Morocco’s King Mohammed has granted a pardon to 672 convicts on the occasion of Eid-e-Milad un Nabi (SAW).
Those pardoned include nine convicted of charges of extremism and terrorism. Five will be freed, while the rest will get reduced sentences.
“These detainees were granted the pardon after revising their ideological orientations and rejecting extremism and terrorism,” said the ministry in its press release.
The pardon has been a staple of religious and national celebrations in Morocco, usually granted to inmates who demonstrated “good manners”.
The New Arab reported that this year around 2,000 inmates in Moroccan prisons were granted royal pardons, namely those convicted in cases related to terrorism.
In 2017, the North African nation launched a reintegration programme called “Moussalaha” (Reconciliation) in its prisons, focusing on inmates convicted of “terrorism” who were willing to requestion their beliefs.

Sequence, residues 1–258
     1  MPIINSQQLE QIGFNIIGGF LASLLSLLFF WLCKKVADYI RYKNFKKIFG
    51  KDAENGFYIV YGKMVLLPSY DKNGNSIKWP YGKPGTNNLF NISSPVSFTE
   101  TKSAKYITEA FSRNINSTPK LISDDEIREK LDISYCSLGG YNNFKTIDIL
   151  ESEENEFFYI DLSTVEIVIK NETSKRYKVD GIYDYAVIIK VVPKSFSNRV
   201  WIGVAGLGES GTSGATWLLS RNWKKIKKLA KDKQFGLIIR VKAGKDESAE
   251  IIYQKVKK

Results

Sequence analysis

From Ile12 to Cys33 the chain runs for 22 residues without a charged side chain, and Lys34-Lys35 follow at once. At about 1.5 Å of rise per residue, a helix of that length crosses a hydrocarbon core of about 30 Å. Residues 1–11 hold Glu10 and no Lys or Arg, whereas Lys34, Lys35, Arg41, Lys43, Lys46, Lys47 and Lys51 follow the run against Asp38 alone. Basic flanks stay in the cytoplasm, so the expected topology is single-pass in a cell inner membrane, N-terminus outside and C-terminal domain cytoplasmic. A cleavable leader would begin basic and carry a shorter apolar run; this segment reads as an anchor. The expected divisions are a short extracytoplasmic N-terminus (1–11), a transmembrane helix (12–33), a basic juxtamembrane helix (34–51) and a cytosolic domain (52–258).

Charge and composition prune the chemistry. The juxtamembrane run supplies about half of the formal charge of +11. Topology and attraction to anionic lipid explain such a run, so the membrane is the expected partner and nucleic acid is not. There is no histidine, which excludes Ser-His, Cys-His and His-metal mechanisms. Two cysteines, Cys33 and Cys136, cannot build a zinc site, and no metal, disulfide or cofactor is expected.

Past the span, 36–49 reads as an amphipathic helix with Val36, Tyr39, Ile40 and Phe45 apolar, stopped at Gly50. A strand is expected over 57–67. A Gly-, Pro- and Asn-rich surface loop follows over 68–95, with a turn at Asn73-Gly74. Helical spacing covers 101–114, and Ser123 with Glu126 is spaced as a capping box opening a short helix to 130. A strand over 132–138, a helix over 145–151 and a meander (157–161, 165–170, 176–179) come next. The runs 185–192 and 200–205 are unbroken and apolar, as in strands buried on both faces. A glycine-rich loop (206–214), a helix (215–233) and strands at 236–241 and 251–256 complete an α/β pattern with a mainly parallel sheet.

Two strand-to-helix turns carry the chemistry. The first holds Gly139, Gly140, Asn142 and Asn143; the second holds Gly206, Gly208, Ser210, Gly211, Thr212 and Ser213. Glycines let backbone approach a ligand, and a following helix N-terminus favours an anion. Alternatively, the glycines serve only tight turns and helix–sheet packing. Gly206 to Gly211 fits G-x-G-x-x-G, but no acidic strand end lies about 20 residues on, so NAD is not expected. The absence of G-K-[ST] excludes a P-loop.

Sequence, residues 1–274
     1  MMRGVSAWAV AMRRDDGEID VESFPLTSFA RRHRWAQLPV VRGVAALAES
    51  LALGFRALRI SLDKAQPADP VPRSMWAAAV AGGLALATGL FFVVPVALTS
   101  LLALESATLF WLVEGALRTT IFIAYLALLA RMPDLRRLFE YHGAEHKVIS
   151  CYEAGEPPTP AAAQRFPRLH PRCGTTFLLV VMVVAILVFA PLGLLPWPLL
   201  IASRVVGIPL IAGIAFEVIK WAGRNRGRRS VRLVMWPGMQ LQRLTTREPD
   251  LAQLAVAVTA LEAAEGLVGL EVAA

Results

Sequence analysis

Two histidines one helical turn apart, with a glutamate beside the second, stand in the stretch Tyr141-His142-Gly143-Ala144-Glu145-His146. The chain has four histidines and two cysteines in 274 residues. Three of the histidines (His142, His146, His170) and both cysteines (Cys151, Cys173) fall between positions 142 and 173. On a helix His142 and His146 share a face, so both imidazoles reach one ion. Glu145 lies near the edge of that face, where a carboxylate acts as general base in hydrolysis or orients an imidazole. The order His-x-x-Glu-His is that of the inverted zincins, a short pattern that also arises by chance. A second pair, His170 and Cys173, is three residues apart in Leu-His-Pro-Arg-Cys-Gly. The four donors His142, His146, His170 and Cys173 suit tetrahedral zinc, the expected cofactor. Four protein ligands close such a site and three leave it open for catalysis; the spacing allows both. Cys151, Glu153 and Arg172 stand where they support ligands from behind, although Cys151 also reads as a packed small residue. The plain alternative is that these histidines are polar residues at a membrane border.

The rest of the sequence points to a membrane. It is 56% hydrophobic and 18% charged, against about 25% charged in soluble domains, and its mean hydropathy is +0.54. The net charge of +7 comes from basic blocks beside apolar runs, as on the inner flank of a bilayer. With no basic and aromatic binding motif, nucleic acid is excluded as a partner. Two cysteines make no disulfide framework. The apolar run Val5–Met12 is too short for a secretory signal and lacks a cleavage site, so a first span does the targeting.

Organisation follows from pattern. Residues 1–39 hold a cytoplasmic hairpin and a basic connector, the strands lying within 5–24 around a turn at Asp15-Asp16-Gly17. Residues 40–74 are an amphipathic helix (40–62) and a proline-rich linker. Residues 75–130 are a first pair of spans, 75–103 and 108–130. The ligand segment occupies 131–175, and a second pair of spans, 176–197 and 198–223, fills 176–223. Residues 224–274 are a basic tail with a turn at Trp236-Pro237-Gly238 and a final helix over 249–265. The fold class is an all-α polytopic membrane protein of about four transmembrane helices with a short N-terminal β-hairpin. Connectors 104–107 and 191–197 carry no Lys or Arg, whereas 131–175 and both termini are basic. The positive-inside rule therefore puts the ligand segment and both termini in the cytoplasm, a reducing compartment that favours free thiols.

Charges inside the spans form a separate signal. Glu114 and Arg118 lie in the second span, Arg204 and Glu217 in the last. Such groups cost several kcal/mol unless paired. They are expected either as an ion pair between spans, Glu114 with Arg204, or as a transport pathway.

Meanwhile, calls to pardon Hirak Rif uprising detainees have yet to be heard.
The Hirak Rif movement broke out in northern Morocco’s Rif region in 2016 following the crushing to death of fishmonger Mohcine Fikri in a rubbish truck in the presence of authorities.
More than 50 members of the movement were arrested and sentenced to up to 20 years in prison, including Hirak Rif’s icon, Nasser Zefzafi.
To receive a royal pardon in Morocco, the prisoner needs to submit a request in which they admit guilt and seek pardon from the highest authority in the country, with a commitment to not repeat the crime they were convicted of.